MythTV: The Abyss of Convergence Freedom

Technical Discussion

The MythTV framework is comprised of two basic and unique parts: the backend and frontend nodes. For a basic stand-alone configuration, there needs to be only a single backend server to service one frontend client, usually both running on the same computer. However, the flexibility of this network architecture permits more complex arrangements that scale to multiple backend servers and frontend clients on several computers, media extenders and converted game stations. In theory, MythTV's network topology can scale to an unlimited number of frontend processes, all simultaneously interacting with backend servers. Practically speaking, however, we're aware of some implementations that might have as many as half a dozen frontends running alongside up to as many as 10 backends.

The following image shows a diagram that illustrates this arrangement.

The MythTV network architecture is modularized and scalable.

A MythTV network depicted above can handle front- and backend roles from humble home theater PC (HTPC) configurations to enterprise-wide video content delivery systems. As a rather naïve example, a university might use MythTV to record and stream multiple channels through multiple tuner cards and make simultaneous delivery to any participating frontend client.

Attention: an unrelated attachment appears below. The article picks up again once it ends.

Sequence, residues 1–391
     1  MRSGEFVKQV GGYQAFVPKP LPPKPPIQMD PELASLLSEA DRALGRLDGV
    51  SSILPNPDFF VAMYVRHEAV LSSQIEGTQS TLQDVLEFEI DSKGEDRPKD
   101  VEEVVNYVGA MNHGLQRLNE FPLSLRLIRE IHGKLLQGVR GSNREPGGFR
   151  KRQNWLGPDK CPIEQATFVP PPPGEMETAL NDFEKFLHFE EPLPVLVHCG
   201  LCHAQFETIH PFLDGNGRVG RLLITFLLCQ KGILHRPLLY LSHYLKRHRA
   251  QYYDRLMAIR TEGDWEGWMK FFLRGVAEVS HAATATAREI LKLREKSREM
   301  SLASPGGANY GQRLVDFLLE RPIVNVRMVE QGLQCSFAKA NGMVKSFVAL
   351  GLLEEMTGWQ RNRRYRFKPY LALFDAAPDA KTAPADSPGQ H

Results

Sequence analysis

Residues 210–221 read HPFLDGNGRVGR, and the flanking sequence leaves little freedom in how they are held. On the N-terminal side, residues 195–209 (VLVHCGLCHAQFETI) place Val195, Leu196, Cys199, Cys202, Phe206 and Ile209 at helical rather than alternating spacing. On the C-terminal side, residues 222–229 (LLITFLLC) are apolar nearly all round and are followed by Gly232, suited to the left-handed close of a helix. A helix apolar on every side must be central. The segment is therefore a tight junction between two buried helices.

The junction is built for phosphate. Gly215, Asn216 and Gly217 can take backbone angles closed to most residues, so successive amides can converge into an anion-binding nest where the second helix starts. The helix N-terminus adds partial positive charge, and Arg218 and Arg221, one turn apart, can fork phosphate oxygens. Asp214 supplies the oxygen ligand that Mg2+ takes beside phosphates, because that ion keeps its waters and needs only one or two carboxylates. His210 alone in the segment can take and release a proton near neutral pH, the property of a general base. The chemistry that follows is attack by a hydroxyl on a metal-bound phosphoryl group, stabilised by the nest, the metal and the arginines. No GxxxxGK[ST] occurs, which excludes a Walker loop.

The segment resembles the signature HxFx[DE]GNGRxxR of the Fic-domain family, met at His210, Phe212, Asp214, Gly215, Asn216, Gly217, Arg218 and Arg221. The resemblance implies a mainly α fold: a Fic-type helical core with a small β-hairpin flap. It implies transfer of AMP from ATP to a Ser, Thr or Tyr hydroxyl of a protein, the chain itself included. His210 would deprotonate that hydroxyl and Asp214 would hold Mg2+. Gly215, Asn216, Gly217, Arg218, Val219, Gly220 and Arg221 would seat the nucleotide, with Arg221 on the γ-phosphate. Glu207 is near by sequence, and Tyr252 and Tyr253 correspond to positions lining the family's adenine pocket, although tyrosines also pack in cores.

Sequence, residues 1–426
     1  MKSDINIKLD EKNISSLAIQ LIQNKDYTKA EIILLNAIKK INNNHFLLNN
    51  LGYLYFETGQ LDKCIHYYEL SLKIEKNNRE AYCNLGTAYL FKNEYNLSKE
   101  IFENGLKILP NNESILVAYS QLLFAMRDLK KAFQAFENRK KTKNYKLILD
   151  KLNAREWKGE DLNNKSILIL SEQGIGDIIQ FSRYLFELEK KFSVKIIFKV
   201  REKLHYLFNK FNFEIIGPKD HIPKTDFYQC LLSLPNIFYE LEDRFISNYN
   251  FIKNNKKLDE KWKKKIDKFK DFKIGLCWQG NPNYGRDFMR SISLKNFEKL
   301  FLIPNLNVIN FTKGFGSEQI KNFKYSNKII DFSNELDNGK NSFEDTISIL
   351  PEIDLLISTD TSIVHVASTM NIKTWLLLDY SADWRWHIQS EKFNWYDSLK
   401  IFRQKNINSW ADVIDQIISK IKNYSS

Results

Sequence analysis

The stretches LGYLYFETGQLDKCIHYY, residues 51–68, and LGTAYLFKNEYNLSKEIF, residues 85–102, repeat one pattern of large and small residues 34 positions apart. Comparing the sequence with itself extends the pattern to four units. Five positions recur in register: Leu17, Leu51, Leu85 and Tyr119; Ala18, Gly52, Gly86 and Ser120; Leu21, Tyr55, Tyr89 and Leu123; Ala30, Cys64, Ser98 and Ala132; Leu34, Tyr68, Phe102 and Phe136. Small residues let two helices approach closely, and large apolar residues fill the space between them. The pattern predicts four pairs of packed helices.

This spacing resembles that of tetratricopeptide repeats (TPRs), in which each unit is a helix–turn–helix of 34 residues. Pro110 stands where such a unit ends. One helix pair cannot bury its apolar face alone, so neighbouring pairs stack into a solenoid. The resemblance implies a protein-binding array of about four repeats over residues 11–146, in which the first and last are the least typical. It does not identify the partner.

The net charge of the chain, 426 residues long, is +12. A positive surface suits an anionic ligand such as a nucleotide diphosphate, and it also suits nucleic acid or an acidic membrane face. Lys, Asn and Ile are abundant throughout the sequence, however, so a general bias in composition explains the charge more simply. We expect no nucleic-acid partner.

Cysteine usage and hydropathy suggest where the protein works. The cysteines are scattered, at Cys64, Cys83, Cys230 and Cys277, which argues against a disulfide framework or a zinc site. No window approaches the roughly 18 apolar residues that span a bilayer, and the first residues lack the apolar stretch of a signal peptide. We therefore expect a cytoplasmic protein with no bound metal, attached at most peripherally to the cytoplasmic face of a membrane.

However you dig into it, MythTV allows you to get your hands dirty and build a massive highly-customized entertainment unit in the process. Any perceived difficulty in its setup or usage is ultimately balanced by nearly unlimited freedom and potential in the final system (or collection of systems) you pull together in your MythTV environment. Windows MCE may make media centers of other computers, but requires separately-licensed MCE products for each computer involved. MythTV works as an add-on to a variety of systems including Linux, BSD and Mac OSX - in fact, even Windows supports a MythTV frontend client.

Ed Tittel

Ed Tittel is a long-time IT writer, researcher and consultant, and occasional contributor to Tom’s Hardware. A Windows Insider MVP since 2018, he likes to cover OS-related driver, troubleshooting, and security topics.